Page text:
An Assessment of the Impact of Direct Primaries on Internal Democracy of Political Parties in Nigeria

Asuquo, Ubong Linus (2022-04)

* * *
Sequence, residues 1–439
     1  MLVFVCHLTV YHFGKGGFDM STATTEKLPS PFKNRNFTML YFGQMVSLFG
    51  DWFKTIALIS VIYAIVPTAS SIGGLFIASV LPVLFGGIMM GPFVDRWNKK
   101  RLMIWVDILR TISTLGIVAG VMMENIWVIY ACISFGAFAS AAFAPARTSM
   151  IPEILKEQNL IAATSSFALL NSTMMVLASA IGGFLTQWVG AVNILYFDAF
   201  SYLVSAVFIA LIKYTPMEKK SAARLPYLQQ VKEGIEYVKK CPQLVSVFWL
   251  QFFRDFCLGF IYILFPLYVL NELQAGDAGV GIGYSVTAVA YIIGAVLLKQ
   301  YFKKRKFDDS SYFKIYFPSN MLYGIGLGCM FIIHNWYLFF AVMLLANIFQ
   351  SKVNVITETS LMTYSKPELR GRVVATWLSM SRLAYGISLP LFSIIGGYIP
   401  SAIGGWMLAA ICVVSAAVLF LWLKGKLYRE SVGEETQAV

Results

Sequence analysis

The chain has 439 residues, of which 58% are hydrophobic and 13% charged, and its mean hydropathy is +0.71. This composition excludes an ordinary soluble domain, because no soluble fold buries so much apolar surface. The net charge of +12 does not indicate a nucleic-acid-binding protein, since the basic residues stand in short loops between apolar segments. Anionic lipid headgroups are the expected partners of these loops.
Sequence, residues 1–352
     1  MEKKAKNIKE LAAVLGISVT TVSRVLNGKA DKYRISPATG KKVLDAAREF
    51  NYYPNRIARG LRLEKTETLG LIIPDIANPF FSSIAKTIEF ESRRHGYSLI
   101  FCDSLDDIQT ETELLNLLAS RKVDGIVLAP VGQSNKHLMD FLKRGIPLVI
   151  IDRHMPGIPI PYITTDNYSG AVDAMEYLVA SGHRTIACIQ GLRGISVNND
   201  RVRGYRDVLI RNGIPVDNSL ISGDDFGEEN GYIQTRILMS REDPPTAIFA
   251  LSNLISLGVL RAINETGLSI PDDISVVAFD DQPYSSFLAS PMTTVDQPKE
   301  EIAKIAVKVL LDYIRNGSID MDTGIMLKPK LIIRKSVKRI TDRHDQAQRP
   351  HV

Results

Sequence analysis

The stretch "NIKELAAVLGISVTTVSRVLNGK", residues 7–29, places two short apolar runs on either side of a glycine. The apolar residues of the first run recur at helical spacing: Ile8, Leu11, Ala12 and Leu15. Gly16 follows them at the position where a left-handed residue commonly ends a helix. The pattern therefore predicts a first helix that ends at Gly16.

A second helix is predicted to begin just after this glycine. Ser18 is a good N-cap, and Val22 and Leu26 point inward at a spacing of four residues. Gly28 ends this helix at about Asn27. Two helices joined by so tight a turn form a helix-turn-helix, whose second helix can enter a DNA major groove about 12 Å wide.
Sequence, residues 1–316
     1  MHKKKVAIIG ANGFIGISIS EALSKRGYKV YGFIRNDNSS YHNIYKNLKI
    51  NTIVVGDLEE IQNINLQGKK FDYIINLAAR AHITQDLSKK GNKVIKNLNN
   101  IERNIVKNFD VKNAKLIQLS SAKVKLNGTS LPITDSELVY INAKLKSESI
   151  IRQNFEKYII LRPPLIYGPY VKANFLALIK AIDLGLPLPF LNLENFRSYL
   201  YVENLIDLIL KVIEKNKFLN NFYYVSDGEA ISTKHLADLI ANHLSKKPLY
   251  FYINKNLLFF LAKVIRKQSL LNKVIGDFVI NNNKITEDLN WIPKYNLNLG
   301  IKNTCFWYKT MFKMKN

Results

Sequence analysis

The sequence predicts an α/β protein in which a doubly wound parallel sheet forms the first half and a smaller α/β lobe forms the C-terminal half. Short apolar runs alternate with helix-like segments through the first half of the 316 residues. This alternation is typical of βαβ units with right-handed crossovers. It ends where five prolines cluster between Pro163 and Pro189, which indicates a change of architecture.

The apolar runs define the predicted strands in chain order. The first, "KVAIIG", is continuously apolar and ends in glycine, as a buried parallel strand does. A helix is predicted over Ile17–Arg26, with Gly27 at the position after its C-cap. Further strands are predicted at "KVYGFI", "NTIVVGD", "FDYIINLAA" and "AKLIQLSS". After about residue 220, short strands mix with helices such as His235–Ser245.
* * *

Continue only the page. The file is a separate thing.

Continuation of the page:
The study assessed the impact of direct primaries on the internal democracy of political parties in Nigeria. The broader objectives of the study were to assess the impact of direct primaries on the internal democracy of political parties in Nigeria. The further objectives of the study were to; examine how direct primaries promoted the culture of free, fair and credible election in Nigeria; analyze how direct primaries promoted inclusion and acceptability of political parties in Nigeria and assessed the challenges of political party primaries in Nigeria and how it’s mitigated. The justification of this study situates that the outcome and findings will stimulate other researchers, political parties, institutions and stakeholders to explore other aspects of the subject to improve the internal democracy within political parties in Nigeria. The study adopted the mixed research design relying on quantitative and qualitative data. Data sources were primary and secondary. Primary data was obtained from the administration of questionnaire while secondary data were taken from audit reports of elections in INEC and the APC and PDP. Purposive sampling technique was used for the selection of data and respondents while content analysis was used for the analysis of qualitative data. The quantitative data were analyzed and presented using percentages and tables. Findings revealed that direct primaries can truly affect the outcome or the credibility of an internal democracy in political parties in Nigeria. Although, whatever style political parties choose as their primaries can influence little the choice of the electorates during the general elections. In as much as the electoral law recognizes consensus as a means of selecting flag bearers of political parties, direct primaries is also an institutional measure put in place to ensure that candidates that represent them at general elections are people that have already been sieved by the parties and her members. The research also revealed that political parties invariably reflect the environment in which they operate. Nigerian political parties therefore cannot automatically become democratizing in their internal affairs by adopting direct or indirect primaries overnight when the state that constitutes them remains largely undemocratic and pervasive and consequently mandates a politics of extremism rather than moderation. Conclusively, the study recommended that INEC should be strengthened with necessary provisions by the electoral act by the National Assembly to sanction parties that violate the processes of party primaries as stipulated in the electoral act. Ultimately, Political actors should eschew the winner takes all attitude of politicking and grabbing power. The Judiciary had been recommended to step up and review the grant of reckless injunctions and court rulings that derail the electoral process. The court room should not be the new arena of electoral contest. The possibility of courts of equal jurisdiction granting judgments and injunctions on matters that is already instituted in another court of competent jurisdiction is to say the least reckless and capable of derailing democracy.